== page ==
I think the tradeoffs we make are fair. We don’t present a polished stage performance, but that isn’t what folks at the Bread of Life came for anyway; they came to eat their food and have their conversations and enjoy or ignore the music as they see fit. Our less-than-polished performances are more than adequate for that. Meanwhile, the resulting flexibility is what keeps us coming back; we have the opportunity to try new things before a live audience, to try to catch the attention of folks who are only half-listening to us, to practice recovering from mistakes, to think as much about how we sound as about how the listeners are responding. If that flexibility weren’t there, if we had to give a polished performance every time, I think the grind would have led us to give up that gig long ago. Instead we have found ways to redeem the time, and it keeps us willing and sometimes even eager to go back for another Friday.
Perhaps that’s the point I’m hoping to make in this piece: in any situation, but especially in less than ideal ones, it’s good to redeem the time by finding opportunities to practice useful things, things that quite often will be secondary to the situation. Sometimes we’ve played in venues with extremely bad sound systems, where we knew that the final result will be poor no matter what we do; so we took the chance to experiment with the microphones, we looked for ways to keep in time and on pitch when we couldn’t hear one another very well, and—especially!—we practiced smiling and carrying ourselves so that our misery wasn’t communicated to the audience. Sometimes we’ve been thrown together with musicians whose styles and skills don’t mesh well with ours, and we knew the music would be hash no matter what we did; so we looked for ways to mesh with them, to encourage them, to increase their enjoyment, to put our own self-importance on the shelf.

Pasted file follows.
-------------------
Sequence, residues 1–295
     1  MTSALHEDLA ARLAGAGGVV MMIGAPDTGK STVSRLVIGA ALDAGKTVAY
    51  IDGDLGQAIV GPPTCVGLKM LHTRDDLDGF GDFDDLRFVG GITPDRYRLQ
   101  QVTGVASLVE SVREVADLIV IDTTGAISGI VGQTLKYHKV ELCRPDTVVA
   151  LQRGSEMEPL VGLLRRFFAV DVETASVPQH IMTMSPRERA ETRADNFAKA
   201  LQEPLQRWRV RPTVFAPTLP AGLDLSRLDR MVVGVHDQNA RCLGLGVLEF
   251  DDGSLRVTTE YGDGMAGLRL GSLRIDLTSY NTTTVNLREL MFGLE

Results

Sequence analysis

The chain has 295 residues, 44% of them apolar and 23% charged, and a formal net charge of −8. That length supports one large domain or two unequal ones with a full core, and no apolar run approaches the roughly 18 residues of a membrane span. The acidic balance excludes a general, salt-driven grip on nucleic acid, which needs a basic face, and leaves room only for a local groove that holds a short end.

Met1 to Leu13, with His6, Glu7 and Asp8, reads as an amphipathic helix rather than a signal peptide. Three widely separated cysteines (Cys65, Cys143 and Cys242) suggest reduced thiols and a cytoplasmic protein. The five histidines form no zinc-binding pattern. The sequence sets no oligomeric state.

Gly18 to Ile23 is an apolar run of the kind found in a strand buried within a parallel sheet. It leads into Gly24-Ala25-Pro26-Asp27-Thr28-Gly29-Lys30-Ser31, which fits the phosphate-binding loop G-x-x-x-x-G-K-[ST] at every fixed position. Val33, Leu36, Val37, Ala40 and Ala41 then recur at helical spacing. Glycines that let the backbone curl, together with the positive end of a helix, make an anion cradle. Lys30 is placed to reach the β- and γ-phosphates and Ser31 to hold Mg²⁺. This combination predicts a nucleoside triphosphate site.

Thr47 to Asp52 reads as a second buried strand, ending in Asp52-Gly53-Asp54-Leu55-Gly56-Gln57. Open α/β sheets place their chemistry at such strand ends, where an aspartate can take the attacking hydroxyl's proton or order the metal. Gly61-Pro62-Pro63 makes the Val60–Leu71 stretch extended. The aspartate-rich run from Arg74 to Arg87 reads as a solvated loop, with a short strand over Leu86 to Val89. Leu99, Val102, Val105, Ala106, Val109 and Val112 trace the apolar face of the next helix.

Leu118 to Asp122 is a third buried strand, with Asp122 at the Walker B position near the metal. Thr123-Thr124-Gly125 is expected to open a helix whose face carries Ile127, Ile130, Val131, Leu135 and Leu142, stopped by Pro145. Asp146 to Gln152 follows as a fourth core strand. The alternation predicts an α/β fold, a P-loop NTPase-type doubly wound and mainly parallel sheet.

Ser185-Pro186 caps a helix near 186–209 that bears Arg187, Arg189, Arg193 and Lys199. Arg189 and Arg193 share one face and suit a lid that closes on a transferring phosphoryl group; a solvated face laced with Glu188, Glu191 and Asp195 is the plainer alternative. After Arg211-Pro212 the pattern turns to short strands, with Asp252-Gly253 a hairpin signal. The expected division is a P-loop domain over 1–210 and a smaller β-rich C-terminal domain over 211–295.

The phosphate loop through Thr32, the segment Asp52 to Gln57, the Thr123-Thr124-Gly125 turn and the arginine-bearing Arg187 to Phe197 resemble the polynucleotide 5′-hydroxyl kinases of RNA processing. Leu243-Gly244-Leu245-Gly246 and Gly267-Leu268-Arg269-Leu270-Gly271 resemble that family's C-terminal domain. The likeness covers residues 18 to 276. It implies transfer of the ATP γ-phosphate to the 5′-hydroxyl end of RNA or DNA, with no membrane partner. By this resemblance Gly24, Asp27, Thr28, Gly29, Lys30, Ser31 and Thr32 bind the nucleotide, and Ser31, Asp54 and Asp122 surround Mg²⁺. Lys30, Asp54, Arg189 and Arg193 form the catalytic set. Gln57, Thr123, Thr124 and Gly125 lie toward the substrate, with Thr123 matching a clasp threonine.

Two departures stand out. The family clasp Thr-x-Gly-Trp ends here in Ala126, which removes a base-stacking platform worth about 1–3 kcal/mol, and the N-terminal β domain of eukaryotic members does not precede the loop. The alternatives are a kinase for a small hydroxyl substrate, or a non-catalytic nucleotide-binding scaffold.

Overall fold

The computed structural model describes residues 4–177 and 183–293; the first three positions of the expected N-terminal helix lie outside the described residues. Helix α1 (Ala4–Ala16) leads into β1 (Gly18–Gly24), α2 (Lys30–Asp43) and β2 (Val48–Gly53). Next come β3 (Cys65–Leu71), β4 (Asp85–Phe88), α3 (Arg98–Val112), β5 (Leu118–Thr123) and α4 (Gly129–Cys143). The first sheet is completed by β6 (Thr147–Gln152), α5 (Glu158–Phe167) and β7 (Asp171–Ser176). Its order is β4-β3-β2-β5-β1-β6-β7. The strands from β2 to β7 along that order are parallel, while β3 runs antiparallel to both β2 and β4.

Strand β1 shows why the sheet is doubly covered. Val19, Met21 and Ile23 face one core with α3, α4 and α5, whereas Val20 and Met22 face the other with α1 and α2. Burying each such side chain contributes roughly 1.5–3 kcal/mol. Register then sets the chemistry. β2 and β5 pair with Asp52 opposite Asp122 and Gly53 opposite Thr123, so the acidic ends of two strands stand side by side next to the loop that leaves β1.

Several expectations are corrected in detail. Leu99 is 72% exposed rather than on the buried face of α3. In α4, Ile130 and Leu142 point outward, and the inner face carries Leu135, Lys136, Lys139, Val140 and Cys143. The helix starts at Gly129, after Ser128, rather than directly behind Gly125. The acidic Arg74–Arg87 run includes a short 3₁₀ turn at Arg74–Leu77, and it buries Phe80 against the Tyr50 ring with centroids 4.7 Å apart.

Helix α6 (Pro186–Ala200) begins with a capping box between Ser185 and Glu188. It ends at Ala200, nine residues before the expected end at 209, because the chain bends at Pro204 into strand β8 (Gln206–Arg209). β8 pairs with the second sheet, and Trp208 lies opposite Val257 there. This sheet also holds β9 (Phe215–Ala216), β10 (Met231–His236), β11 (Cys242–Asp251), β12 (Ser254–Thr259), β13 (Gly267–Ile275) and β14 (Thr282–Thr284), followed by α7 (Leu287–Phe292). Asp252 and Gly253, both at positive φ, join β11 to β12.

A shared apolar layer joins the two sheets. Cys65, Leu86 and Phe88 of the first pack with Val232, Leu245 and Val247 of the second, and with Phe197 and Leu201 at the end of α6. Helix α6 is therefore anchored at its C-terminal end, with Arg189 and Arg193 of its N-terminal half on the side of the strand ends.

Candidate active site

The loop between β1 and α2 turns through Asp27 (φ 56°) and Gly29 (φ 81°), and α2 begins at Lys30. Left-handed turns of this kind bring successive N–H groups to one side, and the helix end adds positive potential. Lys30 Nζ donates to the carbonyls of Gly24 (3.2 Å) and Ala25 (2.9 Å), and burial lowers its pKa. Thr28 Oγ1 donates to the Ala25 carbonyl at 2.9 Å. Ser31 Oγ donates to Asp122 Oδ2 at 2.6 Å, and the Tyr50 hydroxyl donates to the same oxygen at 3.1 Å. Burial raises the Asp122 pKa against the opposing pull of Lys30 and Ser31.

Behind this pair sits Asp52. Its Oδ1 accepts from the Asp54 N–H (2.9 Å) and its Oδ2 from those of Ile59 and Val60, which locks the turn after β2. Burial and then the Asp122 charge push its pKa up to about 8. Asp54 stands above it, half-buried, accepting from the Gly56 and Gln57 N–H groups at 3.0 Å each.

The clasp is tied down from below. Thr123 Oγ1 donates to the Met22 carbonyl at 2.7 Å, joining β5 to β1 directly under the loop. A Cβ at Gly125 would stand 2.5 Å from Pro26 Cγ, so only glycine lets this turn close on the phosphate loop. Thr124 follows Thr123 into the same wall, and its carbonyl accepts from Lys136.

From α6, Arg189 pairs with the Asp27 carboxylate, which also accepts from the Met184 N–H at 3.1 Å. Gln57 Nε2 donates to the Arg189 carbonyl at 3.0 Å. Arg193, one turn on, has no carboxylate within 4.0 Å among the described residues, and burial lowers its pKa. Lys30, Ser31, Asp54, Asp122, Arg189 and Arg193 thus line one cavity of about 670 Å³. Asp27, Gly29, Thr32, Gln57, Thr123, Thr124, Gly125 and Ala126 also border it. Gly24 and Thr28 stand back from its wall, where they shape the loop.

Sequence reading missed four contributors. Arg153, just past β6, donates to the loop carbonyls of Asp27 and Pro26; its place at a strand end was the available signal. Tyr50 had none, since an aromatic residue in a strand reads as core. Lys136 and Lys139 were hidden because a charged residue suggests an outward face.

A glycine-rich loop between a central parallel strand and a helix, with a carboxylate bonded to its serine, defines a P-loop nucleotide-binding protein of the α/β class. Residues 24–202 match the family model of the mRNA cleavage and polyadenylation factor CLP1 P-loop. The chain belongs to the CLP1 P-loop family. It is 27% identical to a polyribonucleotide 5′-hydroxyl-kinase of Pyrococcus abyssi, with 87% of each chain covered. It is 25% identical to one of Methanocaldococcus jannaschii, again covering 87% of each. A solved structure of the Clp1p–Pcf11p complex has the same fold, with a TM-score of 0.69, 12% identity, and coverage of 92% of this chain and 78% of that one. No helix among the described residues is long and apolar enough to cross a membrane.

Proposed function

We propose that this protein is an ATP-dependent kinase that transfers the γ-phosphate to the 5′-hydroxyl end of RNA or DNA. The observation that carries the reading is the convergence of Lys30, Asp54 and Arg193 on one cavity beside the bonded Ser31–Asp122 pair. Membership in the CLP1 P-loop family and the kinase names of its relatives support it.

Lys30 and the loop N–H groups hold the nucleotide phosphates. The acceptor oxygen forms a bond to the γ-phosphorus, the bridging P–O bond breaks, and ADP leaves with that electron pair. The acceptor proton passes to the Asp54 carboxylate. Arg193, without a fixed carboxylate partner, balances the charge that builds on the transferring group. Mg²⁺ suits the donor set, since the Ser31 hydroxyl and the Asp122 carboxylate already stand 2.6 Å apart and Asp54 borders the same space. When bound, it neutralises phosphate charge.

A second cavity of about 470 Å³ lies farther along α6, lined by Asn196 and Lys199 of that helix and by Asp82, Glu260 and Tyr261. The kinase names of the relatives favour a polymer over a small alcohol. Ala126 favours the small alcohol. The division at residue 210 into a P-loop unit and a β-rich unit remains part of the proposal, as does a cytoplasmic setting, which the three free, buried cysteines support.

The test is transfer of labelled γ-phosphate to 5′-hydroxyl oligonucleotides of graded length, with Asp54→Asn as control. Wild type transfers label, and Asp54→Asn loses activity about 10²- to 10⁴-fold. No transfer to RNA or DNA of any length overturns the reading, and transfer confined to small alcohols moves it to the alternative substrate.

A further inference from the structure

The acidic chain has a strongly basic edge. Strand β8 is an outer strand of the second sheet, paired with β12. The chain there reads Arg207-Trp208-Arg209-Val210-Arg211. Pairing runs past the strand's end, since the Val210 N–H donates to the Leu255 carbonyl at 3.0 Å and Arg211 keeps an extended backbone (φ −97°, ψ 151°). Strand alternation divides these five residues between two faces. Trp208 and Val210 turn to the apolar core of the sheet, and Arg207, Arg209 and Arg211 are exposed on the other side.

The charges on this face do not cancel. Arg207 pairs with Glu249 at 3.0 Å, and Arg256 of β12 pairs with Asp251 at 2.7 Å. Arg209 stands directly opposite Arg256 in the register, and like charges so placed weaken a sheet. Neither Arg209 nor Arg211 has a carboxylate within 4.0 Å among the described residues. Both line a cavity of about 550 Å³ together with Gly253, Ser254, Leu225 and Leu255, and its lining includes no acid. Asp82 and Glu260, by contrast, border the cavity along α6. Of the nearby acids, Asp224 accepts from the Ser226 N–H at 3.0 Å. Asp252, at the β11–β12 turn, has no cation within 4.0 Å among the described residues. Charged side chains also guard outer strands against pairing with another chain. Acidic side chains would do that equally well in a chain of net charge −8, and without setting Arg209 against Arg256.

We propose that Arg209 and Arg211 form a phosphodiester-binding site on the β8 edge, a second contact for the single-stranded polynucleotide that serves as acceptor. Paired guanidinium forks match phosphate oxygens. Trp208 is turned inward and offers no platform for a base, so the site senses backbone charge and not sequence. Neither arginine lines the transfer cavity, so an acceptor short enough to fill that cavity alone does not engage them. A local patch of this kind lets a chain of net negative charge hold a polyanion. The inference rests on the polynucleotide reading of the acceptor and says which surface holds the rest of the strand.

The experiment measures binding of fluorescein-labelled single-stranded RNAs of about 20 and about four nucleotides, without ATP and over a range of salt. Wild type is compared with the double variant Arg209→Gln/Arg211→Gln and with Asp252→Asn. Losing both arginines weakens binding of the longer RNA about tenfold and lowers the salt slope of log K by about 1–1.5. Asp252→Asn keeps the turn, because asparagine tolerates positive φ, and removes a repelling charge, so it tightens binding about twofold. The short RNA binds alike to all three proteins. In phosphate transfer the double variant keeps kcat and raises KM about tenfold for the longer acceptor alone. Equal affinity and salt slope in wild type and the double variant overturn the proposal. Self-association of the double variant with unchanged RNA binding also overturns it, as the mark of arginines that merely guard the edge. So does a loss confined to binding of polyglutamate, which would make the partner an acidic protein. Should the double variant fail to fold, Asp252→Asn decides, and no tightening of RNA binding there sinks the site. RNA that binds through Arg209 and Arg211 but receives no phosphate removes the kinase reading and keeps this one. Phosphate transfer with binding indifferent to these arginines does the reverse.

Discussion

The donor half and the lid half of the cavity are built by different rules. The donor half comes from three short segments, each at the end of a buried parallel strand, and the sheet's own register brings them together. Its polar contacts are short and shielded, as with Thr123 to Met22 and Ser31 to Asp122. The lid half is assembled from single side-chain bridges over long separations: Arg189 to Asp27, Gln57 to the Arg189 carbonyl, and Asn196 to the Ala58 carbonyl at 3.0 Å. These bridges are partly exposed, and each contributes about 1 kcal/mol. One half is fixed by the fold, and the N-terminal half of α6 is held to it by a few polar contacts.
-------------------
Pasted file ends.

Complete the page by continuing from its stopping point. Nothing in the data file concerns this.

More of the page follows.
The examples I’ve given are based on our musical experiences, but I think they apply to all of life. When I find myself somewhere that I’d rather not be or doing something I’d rather not do, I scramble to find ways to redeem the time by practicing things I need to practice. Chief among them is choking down any resentment about the situation, usually by forcing myself to see how low on the scale of importance my unhappiness sits. Then I start zeroing in on what is making me unhappy. If it is dealing with unpleasant people, I practice ways to make dealing with them less unpleasant. If it is not having been given the tools to do the job I’ve been asked to do, I practice ways to make that clear while staying kind and loving. If it’s because I’ve failed to prepare properly, I practice ways to make it clear that I accept the blame and will do all I can to make things right, now or later.
And when I say practice, I mean that I don’t let the desire for a clean and certain resolution limit the things I will consider doing. As long as failure won’t lead to calamity, I will take the opportunity to risk a new way of responding to a situation, because there is no better time to learn whether that way is a better one. Sometimes you can’t risk that, but usually you can. And sometimes you will find a new and better way, one you can master and internalize, one that will make you a slightly better person.